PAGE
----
Curry offered hope with strong showings against the Bears and Jaguars early in his rookie season, but was too often exposed in both coverage and run defense. The only thing that saved his grade from his rookie season being even lower was his contribution as a pass rusher (2 Sk, 10 Ht, 6 Hu). An improved second season (though still subpar) wasn’t enough to save his career with the Seahawks. Only five weeks into his third season he was traded to the Raiders where things only got worse as he failed to make an impact or even look the solid, safe player an average first round linebacker should be. After failing to make the Giants’ roster last summer Curry retired as a cautionary tale to all talent evaluators that there is no such thing as a safe pick.
Path Most Trodden
Seen by some as a reach when the Patriots selected him with the 10th pick in the 2008 Draft, Jerod Mayo may not have lived up to reputation of being a Top-10 pick, but he has developed into a solid linebacker capable of contributing on all three downs. His rookie season was good for the most part but failed to balance the poor games he had with some stronger games to bring his overall grade up to zero.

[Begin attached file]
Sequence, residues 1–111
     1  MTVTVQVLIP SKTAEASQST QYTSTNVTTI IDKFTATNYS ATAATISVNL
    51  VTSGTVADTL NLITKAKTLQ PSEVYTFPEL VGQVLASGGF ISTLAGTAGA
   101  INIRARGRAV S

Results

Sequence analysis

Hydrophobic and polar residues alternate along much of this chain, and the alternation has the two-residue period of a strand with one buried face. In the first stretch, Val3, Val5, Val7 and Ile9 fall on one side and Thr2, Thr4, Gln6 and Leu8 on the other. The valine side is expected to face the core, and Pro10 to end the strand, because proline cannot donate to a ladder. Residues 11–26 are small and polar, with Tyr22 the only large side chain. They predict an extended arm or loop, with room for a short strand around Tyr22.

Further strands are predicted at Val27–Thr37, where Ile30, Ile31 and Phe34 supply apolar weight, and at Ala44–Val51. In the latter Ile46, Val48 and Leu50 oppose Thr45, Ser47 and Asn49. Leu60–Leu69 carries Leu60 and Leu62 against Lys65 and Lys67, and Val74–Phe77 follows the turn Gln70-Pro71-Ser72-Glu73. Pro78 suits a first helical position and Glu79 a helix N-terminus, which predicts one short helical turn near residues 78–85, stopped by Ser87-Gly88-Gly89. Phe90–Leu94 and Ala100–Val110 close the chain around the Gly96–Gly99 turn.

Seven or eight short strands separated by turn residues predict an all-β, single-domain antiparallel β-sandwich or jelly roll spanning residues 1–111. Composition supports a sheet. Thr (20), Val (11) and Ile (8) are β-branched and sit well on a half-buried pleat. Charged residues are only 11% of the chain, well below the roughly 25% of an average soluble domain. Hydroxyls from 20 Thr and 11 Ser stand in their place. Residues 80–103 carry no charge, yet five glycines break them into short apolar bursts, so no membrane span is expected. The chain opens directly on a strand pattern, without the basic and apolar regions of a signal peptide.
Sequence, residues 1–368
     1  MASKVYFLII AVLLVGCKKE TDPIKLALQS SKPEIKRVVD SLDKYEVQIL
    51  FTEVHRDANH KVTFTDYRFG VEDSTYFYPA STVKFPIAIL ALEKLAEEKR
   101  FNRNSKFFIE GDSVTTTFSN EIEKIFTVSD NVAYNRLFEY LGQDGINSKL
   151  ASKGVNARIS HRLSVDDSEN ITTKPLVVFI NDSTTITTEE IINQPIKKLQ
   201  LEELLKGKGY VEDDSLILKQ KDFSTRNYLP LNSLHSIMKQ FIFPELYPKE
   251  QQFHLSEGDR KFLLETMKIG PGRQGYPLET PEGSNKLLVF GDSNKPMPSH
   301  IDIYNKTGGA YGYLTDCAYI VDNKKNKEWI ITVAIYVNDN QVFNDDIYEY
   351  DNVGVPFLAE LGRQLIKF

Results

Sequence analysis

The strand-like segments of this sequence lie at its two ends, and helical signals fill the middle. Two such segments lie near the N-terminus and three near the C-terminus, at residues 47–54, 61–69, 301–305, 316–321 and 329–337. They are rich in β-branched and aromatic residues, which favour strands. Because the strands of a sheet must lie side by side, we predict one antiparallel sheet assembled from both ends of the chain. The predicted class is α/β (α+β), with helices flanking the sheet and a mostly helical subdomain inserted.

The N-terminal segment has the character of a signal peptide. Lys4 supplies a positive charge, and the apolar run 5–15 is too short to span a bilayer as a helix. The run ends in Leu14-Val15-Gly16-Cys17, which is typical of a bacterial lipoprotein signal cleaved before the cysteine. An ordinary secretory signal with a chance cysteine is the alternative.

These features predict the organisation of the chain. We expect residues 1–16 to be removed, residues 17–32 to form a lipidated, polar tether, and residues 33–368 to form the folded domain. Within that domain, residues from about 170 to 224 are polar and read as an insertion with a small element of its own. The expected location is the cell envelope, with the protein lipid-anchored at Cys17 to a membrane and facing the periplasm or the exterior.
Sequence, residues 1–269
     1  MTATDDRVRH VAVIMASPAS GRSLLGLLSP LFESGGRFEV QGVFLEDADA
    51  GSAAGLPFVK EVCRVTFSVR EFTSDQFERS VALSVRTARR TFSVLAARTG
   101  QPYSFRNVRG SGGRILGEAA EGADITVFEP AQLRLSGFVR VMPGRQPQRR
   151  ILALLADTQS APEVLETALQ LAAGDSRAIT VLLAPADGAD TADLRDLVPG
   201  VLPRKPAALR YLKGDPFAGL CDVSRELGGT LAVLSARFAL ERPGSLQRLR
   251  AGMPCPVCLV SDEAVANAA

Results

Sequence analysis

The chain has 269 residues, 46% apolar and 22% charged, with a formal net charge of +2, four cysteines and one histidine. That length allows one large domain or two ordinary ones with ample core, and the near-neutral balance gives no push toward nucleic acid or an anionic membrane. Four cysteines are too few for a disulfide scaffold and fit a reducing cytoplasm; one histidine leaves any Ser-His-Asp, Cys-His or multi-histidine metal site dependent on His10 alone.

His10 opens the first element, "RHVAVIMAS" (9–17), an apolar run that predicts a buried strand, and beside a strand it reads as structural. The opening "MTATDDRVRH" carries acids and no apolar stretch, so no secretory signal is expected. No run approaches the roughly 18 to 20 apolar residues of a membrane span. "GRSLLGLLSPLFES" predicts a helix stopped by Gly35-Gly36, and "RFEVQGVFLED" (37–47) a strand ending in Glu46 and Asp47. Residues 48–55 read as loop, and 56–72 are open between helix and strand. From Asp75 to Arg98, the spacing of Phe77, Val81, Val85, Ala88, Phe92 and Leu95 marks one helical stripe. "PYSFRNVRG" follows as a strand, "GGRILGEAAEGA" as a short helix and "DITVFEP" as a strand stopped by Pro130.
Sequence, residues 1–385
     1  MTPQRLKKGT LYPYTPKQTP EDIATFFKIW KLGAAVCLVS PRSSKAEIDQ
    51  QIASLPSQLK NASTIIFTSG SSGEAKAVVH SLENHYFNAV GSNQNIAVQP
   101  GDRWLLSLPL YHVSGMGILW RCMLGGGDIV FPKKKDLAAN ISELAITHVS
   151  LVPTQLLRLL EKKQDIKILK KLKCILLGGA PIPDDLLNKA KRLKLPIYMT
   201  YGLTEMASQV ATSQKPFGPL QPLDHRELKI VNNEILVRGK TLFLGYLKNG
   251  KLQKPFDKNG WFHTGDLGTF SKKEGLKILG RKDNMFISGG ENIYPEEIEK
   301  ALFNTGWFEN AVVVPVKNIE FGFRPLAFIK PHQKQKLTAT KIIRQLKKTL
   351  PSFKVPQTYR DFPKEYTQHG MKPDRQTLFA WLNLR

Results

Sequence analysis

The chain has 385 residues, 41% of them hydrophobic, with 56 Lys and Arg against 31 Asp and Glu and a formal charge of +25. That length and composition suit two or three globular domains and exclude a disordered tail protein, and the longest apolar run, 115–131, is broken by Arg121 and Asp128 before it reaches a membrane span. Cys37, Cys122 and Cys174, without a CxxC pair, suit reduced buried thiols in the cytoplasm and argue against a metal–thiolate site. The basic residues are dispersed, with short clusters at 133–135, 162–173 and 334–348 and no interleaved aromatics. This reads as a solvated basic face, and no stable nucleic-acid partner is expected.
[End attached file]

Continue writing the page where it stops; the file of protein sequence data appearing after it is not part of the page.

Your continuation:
His career progression followed roughly in line with what you’d expect from a first-round linebacker until his fifth season when he produced a “best case scenario” type of season. Up to that point he kept the really poor games to a minimum, but didn’t really have many big, impact games to balance them out. In 2012, though, he turned that around and produced his most consistently positive returns as a run defender without sacrificing his solid work in coverage.
This, then, is the dilemma that teams have when they are faced with the situation of needing a linebacker and having the opportunity to take one in the first round. It is very likely that you will make a safe pick and have a solid linebacker for at least the next four or five years, but there is always the temptation of a bigger impact at other positions. Sometimes you take that risk; sometimes you realize that you could do far worse and take the relatively safe pick to shore up a spot on your defense.
See the progression at other positions: